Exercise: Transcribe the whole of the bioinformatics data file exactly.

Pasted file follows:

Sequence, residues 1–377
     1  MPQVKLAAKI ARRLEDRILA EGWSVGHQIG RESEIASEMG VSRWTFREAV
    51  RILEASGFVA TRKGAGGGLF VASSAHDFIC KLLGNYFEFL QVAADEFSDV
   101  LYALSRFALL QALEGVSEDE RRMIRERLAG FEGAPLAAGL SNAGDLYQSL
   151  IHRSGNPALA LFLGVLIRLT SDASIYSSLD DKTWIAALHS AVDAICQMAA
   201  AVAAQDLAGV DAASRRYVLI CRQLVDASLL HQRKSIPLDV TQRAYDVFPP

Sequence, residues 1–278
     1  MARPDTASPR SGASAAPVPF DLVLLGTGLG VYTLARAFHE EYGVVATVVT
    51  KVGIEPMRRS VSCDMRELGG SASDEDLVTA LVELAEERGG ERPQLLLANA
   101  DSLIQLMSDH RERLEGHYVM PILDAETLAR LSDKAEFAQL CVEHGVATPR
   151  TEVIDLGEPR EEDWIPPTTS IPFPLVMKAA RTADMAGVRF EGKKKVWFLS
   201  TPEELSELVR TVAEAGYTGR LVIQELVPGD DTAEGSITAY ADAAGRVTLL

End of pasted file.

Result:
Sequence, residues 1–377
     1  MPQVKLAAKI ARRLEDRILA EGWSVGHQIG RESEIASEMG VSRWTFREAV
    51  RILEASGFVA TRKGAGGGLF VASSAHDFIC KLLGNYFEFL QVAADEFSDV
   101  LYALSRFALL QALEGVSEDE RRMIRERLAG FEGAPLAAGL SNAGDLYQSL
   151  IHRSGNPALA LFLGVLIRLT SDASIYSSLD DKTWIAALHS AVDAICQMAA
   201  AVAAQDLAGV DAASRRYVLI CRQLVDASLL HQRKSIPLDV TQRAYDVFPP

Sequence, residues 1–278
     1  MARPDTASPR SGASAAPVPF DLVLLGTGLG VYTLARAFHE EYGVVATVVT
    51  KVGIEPMRRS VSCDMRELGG SASDEDLVTA LVELAEERGG ERPQLLLANA
   101  DSLIQLMSDH RERLEGHYVM PILDAETLAR LSDKAEFAQL CVEHGVATPR
   151  TEVIDLGEPR EEDWIPPTTS IPFPLVMKAA RTADMAGVRF EGKKKVWFLS
   201  TPEELSELVR TVAEAGYTGR LVIQELVPGD DTAEGSITAY ADAAGRVTLL